Pyun reached out to the Shaw Brothers because he felt they had similar approaches to action and when you watch Nemesis, it’s easy to see why he thought that. Like the best Shaw Brothers films, Nemesis has this stretchy kineticism to it, just real enough to make all of the brutality feel painful but also ludicrous and playful so that the grim deaths and explosive violence never wear you down. The original street urchin plot also gets referenced in the relationship that develops between Alex and Max (Merle Kennedy), a young woman who poses as a tour guide eager to help Alex escape but is actually the sister of the Hammerhead operative Alex killed before he retired. Max is highly skilled and knowledgeable and functions as a street smart foil for Alex’s jaded oaf, leading to a dynamic that’d be right at home in a Call of Duty match, with Alex functioning as the tank that soaks up damage while Max nimbly runs around taking out targets.
Although Nemesis borrows a lot of visual cues from darker sci-fi works like Blade Runner, that playful dynamic and the exotic locale make Nemesis stand out as a hybrid of Shane Black cheekiness and Indiana Jones adventuring. The movie has a number of noir setpieces driving home the dark grubbiness of the future, but for the most part it’s bright and vivid, and even its final battle plays out more like a scene from Jason and the Argonauts‘ Talos battle than anything William Gibson ever dreamed of. Pyun does loosely insert some thematic questions about the nature of humanity, with Alex repeatedly updating what percentage of him is still human any time he gets damaged, but this is treated mostly as a joke rather than some Descartian concept.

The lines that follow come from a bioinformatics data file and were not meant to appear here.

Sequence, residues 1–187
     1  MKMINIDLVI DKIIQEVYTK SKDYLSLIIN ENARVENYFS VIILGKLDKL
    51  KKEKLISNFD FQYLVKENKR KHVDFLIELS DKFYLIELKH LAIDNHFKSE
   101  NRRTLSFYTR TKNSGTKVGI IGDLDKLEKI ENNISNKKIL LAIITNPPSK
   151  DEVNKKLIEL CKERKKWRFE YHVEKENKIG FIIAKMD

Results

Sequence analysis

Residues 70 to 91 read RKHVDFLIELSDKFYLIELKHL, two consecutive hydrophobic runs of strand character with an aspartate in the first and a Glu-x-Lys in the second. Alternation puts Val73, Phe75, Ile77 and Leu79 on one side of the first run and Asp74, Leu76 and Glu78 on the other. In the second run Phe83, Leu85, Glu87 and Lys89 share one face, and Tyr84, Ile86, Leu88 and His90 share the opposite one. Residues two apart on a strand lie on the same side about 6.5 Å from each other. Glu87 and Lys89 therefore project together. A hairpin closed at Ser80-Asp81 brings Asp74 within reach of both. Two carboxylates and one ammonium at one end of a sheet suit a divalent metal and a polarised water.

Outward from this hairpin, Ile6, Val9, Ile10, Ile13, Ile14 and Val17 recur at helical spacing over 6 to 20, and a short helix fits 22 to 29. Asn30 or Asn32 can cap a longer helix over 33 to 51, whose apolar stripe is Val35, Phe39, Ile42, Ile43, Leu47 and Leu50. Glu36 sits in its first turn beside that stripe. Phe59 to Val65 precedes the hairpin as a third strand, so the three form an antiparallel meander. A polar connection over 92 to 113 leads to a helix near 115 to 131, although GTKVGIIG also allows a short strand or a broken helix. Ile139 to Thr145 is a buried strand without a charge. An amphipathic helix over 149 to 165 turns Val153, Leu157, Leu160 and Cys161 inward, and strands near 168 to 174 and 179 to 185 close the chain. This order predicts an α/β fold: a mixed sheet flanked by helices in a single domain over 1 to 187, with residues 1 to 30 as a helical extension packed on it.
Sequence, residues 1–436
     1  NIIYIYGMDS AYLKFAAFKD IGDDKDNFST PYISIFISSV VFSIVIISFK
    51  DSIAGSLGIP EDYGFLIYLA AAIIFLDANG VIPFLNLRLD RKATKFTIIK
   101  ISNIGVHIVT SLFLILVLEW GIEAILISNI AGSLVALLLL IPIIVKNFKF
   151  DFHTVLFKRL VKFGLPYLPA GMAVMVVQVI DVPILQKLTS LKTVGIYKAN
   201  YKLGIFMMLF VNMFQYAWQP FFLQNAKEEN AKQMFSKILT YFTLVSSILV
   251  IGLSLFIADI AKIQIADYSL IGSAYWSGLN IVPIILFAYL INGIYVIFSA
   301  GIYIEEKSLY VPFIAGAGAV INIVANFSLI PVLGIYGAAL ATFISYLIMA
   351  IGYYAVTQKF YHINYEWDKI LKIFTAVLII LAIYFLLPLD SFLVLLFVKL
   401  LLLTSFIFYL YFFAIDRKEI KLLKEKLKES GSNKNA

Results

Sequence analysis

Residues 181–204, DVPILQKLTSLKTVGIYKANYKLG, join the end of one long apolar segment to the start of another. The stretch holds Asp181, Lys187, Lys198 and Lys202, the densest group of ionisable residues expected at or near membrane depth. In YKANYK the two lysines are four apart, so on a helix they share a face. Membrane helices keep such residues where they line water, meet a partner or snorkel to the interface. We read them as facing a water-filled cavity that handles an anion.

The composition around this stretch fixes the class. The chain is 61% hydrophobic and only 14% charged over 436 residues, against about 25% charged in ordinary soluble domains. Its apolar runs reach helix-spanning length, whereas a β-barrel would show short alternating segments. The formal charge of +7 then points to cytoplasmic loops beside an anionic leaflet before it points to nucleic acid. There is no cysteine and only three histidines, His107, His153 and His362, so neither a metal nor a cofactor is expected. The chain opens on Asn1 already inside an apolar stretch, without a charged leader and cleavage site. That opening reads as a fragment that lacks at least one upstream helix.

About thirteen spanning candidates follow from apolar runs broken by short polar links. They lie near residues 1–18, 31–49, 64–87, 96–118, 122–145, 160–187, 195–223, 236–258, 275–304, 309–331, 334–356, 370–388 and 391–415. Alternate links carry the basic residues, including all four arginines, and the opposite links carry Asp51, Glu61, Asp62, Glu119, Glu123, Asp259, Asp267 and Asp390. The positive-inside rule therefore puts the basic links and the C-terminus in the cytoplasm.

That’s a big part of why Nemesis is one of the rare Terminator knock-offs that stumbles into being a more original concept. T2 in particular struck a chord with audiences because of the increasing humanization of Arnold’s Terminator but in Nemesis, Alex is a Terminator in reverse, shedding parts of his human self the further he progresses yet paradoxically becoming more human and open as this happens. Alex goes from a gruff, overly serious company man to a one-liner shouting one man army corps, and by the end Max and him survive because of their partnership rather than the independence they formerly held on to. No wonder Nemesis spawned its very own franchise with a decidedly Terminator-esque adherence to “coming back.”
You can watch Nemesis in its entirety on YouTube.
Nick Hanover got his degree from Disneyland, but he’s the last of the secret agents and he’s your man. Which is to say you can find his particular style of espionage here at Loser City as well as Ovrld, where he contributes music reviews and writes a column on undiscovered Austin bands. You can also flip through his archives at Comics Bulletin, which he is formerly the Co-Managing Editor of, and Spectrum Culture, where he contributed literally hundreds of pieces for a few years. Or if you feel particularly adventurous, you can always witness his odd .gif battles with friends and enemies on twitter: @Nick_Hanover